Winners and losers from the final FedExCup payout at the Tour Championship

·3 min read

ATLANTA – Playing in the finale of the FedExCup Playoffs comes with its perks. Specifically, the potential to earn up to $18 million.

That money is technically a “bonus” rewarded to the top players for a successful season (i.e. not counted as official money). The difference between finishing first and finishing seventh is $16 million, which is where eventual champ Rory McIlroy started this week, at No. 7 and 4 under, before making the largest comeback in starting-strokes history.

After four rounds, here are the winners of the FedExCup bonus pool, who had clutch performances to up their earnings, and the losers who lost much more than a couple spots on the leaderboard.


Rory McIlroy

This one is easy. McIlroy started the week at 4 under, six strokes back from No. 1 seed Scottie Scheffler. By the third hole, he was 10 strokes back. By the 72nd hole, he had erased that deficit and then some. The now-three-time champion went from a potential $2 million payday to start the week, to $5.75 million (T-2) beginning the final round, to securing an $18-million haul after defeating the world’s No. 1 player.

“Look, the money is the money,” McIlroy said after his win. “It's great, and we are professional golfers; we play golf for a living. That is a part of it. But I think at this point in my career, the winning and the journey and the emotions and who I do it with mean more than the check.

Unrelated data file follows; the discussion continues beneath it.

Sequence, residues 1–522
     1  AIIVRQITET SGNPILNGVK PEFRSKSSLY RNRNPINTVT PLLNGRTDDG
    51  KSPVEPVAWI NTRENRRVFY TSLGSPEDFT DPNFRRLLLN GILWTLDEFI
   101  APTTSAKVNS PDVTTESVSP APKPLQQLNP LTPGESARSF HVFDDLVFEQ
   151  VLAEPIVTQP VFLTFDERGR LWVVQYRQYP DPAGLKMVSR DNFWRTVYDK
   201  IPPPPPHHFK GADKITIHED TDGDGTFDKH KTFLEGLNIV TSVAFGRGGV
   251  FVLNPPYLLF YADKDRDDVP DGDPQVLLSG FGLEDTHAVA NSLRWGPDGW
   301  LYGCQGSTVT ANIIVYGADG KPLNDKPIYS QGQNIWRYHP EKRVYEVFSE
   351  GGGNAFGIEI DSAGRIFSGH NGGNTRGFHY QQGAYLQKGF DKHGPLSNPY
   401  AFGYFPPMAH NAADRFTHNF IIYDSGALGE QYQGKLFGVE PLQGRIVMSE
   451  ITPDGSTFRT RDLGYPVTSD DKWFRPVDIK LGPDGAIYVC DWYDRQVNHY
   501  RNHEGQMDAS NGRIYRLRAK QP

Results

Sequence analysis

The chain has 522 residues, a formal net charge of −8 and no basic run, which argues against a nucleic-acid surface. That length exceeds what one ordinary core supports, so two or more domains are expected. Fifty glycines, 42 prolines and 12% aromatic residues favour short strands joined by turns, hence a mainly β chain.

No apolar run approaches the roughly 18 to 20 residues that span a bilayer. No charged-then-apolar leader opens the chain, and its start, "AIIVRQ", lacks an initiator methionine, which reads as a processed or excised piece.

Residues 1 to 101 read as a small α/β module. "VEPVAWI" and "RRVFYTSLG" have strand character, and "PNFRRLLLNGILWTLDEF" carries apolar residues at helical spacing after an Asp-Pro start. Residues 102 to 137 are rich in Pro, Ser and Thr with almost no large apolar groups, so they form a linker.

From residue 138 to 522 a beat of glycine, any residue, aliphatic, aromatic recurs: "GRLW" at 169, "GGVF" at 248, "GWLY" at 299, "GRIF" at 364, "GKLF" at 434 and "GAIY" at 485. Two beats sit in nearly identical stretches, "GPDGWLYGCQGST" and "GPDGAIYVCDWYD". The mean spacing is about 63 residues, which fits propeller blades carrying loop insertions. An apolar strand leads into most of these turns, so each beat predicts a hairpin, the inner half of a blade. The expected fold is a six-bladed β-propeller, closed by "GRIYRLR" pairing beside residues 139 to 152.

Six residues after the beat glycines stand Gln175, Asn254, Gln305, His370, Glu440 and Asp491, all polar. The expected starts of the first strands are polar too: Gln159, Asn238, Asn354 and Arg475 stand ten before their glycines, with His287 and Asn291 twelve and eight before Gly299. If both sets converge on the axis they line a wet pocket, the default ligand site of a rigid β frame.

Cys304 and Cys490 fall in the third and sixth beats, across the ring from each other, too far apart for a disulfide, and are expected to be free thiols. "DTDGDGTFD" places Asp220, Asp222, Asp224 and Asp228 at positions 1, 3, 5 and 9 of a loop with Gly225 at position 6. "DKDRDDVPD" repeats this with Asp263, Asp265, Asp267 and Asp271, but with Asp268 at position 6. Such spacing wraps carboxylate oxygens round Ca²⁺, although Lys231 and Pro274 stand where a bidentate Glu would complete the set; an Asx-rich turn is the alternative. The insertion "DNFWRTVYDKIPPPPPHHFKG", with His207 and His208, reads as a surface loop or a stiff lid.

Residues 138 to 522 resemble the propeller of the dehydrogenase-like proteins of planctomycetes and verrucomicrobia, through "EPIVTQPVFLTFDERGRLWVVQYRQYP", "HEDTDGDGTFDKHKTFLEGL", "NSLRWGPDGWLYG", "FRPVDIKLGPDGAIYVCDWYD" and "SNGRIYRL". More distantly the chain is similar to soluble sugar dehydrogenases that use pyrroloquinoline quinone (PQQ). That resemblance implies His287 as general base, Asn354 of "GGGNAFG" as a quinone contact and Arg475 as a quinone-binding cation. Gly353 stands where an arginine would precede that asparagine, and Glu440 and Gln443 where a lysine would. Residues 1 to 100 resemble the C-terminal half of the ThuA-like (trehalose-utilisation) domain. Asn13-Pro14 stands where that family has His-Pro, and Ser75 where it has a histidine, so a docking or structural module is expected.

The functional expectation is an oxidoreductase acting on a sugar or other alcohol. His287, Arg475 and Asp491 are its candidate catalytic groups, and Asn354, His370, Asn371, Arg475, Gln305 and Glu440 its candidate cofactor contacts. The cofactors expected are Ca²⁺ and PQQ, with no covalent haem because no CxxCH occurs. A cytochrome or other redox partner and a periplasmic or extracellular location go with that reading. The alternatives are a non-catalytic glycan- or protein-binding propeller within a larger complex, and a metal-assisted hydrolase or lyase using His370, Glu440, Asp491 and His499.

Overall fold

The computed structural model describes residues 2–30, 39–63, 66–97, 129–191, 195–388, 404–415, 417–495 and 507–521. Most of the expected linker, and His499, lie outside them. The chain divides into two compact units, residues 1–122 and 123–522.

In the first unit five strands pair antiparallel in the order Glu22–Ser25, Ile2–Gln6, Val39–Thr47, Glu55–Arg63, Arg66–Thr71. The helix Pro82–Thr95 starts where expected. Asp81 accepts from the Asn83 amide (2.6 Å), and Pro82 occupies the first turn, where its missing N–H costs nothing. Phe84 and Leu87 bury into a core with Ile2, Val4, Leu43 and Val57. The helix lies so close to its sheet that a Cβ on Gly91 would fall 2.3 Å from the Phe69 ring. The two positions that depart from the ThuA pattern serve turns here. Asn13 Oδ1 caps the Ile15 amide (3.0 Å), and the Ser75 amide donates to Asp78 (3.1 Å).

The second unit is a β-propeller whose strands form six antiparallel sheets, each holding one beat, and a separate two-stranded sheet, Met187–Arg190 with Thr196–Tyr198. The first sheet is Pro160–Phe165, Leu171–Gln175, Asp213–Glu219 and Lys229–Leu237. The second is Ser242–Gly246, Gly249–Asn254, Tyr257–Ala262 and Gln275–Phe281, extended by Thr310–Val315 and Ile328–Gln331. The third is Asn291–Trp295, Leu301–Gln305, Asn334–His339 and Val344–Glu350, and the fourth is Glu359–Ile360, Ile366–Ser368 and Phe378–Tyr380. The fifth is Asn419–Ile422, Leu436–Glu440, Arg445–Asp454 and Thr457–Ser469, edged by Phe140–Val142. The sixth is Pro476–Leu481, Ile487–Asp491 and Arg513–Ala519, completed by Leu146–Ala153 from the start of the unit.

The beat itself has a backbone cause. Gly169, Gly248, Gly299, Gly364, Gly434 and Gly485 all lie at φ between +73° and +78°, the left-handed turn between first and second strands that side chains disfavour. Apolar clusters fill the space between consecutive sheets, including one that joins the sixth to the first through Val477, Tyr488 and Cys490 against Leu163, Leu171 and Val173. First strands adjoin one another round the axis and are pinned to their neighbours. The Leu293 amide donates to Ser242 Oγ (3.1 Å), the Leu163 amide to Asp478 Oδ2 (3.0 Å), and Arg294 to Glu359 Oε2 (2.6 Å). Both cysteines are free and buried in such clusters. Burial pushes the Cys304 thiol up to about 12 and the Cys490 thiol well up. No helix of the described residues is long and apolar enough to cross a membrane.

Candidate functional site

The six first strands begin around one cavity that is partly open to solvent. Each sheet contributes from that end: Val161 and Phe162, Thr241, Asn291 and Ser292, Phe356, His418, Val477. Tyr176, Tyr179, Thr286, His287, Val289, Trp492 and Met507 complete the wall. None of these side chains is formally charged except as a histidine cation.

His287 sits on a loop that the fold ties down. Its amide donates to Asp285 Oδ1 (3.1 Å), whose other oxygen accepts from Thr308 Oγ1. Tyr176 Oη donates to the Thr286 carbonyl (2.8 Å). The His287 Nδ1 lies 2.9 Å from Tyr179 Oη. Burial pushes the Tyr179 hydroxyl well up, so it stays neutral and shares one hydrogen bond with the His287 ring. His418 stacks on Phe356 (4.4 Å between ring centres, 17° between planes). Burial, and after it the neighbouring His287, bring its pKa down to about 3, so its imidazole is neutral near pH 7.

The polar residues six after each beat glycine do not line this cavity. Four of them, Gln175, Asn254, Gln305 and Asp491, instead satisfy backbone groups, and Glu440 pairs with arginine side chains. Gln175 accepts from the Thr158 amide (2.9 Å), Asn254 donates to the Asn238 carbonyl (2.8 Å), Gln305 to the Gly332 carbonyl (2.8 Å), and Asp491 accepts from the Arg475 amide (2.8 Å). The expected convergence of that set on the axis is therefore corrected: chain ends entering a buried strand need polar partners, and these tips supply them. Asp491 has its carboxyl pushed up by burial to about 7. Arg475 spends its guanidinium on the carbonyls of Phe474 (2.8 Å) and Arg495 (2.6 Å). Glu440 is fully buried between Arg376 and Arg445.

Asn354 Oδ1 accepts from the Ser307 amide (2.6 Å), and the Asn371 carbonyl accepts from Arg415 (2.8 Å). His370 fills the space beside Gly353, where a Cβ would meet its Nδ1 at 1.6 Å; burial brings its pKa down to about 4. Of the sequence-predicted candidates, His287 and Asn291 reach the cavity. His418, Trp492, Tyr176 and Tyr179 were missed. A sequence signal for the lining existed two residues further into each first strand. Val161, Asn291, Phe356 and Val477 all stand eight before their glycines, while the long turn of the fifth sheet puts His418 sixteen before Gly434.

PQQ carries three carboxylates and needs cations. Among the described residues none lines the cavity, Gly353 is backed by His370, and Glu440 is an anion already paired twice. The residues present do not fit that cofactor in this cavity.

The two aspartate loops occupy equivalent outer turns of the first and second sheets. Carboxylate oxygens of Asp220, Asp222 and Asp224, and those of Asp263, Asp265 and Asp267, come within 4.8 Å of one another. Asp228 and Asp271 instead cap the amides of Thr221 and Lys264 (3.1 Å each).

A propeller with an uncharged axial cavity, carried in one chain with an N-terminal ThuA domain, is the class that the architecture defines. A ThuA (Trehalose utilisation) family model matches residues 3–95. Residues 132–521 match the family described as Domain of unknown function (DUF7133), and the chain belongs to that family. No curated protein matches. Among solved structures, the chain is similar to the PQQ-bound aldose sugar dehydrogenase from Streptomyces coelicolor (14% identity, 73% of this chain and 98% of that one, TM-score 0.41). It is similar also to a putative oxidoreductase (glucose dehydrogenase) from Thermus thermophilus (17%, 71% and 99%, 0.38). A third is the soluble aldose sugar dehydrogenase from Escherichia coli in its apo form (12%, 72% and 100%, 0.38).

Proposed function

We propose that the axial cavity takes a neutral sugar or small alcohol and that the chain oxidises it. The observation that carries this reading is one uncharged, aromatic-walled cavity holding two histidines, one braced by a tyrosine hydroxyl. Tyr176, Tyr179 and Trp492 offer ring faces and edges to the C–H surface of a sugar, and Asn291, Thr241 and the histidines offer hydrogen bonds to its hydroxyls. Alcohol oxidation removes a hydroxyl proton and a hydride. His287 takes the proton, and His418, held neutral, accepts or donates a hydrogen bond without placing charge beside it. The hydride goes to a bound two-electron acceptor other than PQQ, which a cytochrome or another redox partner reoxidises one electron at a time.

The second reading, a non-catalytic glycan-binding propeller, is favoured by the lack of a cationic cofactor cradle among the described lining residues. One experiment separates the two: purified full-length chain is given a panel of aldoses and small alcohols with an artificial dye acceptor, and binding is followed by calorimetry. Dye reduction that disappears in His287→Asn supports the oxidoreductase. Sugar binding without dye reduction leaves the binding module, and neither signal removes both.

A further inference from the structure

Full FedExCup bonus payout, from Rory McIlroy to No. 150

Max Homa

Homa made the largest positive jump on the leaderboard this week with a lot of hard work and a little luck.

The 16th seed coming into the week, Homa dropped to T-26 after a 1-over 71. He wouldn’t go over par again, posting rounds of 62, 66 and 66 to finish.

A closing eagle on the par-5 18th in Round 2 gave the 30-year-old the round of the day, jumped him 18 spots, and positioned him approximately $1 million higher than before. Then, a little help from the flag stick on the 18th in the final round helped him notch one more birdie, a play that earned him more than $1 million for a grand total of $2,750,000 after finishing T-5.



Scottie Scheffler

If it seems harsh to call the reigning Masters champion a loser, know it’s in jest, seeing as he still took home $5,750,000 for finishing T-2 with Sungjae Im.

But the not-so-harsh, more bittersweet reality is that paycheck could’ve been $12.25 million more if the 26-year-old had hung on to the lead he had maintained through the previous three rounds… and most of the season, for that matter.

Maybe it was the 24 holes he had to play on Sunday, or maybe he was just gassed after a long season. Either way, his pockets weren't hurting too bad at the end of the day. He finished with $19,796,910 in total earnings for the season, including $14,046,910 in official money – the most official money ever earned in a Tour season.

Cameron Smith

Arguably the biggest shock of the week was when Champion Golfer of the Year Cam Smith dropped from the starting sixth seed to No. 20 after his greatest weapon, his putter, went ice cold.

Smith, who is expected to announce his departure for LIV Golf imminently, posted rounds of 67, 71, 68 and 69. The Aussie was ranked 18th in strokes gained: putting for the week – including being dead last at -2.522 in Round 3 – and 26th for greens in regulation.

The cost of a frigid putter? Nearly $2 million from the start of the week to his finish.